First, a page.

Kawasaki's KLR650 is one of the longest-running models in motorcycling history. Introduced as a 600 way back in 1984, it was upgraded and enlarged to 650cc in '87 and remained in the model line, largely unchanged, for 20 years. Finally for '08 it received a substantial makeover, with a more powerful and responsive engine, stiffer suspension, stronger brakes, firmer seat and taller windscreen. Even better, it retailed for a lowly $5349 (since upped to $5999) that made it runner-up in the Best Bang for the Buck category of Motorcyclist's annual Motorcycle of the Year competition. Yet owing to popular demand and the high cost of gas that summer, some dealers charged as much as $1000 over retail, which made it less of a bargain. And considering Kawasaki sold some 60,000 previous-generation KLRs in the USA alone, there are plenty of older examples to be had for much less.
The question, then, is can you make a 1987-2007 KLR650 perform as well as a 2008 and later model? And if so, at what cost? Those questions set the parameters for this project.
As one look at the various owners' forums will attest, KLR owners are among the most loyal and enthusiastic. They speak their own language, too, with cryptic references to more mods than Brighton Beach in the summer of '65. They're big on "farkles" and "farkling."
That's the infamous Doohickey front and center and the Thermo-Bob behind. Custom-bent 11/4
Galfer impresario Sandro Milesi's personal KLR is a good example of an off-road-biased dua
Cortech tail pack and saddlebags are a perfect fit on the luggage rack, because the rack w
Before we could begin, we had to decide in which direction we wanted to take our '07 model. Did we want to boost its off-road capabilities to make it more of a dual-sport, or enhance its on-road attributes to make it more of an adventure-tourer? Considering that KLRs are among the few bikes we routinely see in the no-man's land between major cities (along with BMWs, Honda Gold Wings and Harleys), we settled on the latter.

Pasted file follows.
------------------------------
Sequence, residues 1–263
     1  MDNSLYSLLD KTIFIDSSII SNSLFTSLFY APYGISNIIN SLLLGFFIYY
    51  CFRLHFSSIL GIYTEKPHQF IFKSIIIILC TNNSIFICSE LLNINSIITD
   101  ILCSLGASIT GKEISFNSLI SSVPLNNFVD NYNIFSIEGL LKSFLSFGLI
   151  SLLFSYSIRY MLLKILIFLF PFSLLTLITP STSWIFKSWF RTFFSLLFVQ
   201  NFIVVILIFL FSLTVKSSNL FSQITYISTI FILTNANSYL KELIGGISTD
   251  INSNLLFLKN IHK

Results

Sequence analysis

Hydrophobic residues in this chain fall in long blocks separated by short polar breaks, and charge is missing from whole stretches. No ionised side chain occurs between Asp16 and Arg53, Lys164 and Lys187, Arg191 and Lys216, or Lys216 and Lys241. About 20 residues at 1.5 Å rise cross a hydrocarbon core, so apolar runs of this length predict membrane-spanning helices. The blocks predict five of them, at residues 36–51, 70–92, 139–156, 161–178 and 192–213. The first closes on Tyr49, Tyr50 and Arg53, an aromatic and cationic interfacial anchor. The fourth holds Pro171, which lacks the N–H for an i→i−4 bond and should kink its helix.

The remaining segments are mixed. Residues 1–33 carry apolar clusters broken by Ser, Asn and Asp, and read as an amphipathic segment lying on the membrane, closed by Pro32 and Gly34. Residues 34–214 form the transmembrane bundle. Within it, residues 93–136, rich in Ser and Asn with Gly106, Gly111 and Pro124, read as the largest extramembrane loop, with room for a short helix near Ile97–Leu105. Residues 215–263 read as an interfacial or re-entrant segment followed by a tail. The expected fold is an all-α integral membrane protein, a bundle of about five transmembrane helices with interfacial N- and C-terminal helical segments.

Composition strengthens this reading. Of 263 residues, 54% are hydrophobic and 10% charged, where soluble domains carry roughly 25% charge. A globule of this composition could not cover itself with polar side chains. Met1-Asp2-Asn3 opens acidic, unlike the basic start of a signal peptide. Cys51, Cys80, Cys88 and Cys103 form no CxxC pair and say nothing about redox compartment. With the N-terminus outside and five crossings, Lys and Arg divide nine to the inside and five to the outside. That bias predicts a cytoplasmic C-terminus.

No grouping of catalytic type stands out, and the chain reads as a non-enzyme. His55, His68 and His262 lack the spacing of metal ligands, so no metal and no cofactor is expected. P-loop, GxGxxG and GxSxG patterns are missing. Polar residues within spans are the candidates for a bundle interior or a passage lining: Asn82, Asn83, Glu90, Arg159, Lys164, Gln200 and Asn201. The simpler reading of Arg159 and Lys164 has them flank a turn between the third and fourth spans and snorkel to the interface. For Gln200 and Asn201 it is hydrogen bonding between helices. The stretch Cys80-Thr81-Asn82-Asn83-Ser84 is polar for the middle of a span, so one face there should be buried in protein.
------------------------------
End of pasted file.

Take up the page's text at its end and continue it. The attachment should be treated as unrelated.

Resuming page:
The first order of business was improving the KLR's reliability. The Internet is rife with tales of the counterbalancer tensioner arm-lovingly referred to as the Doohickey"-failing. Even if it doesn't actually break, the adjustment spring can stretch to the point that the balancer chain jumps, taking the bottom end with it. Mike Cowlishaw of Eagle Manufacturing & Engineering makes a replacement Doohickey and spring that prevent this from occurring. It's not a simple installation, but most mechanically competent owners should be able to handle it by following the detailed instructions.
Not only does the rack support the luggage, it also keeps it from burning on the muffler,
Another issue has to do with cooling. KLRs run hot in summer and cold in winter because all the coolant flows through a thermostat that doesn't open until 160 degrees. Bill Watson's Watt-Man Thermo-Bob kit relocates the thermostat downstream and adds a bypass hose upstream of that, so some coolant always flows through the engine. The result is quicker warm-up and a consistent coolant temperature of 185-195 degrees, which is less likely to lead to cylinder distortion. Watson also offers a temperature gauge overlay marked in degrees Fahrenheit instead of a simplistic range of Cold to Hot.
Reliability issues handled, we turned our attention to performance. All KLRs are carbureted, and jetted lean to pass emissions. The owners' forums are full of tuning recommendations on needle-shimming, slide-drilling and fuel screw-adjusting. Many owners have had success installing a KLX650 needle. Some have hogged out the top of their airbox; others have removed the door on the side. But the surefire fix is to install a Dynojet kit, which includes a new needle with variable clip positions, a selection of main jets, a couple of drill bits and easy-to-follow instructions. While we were at it, we slid in a high-flow K&N air filter as well.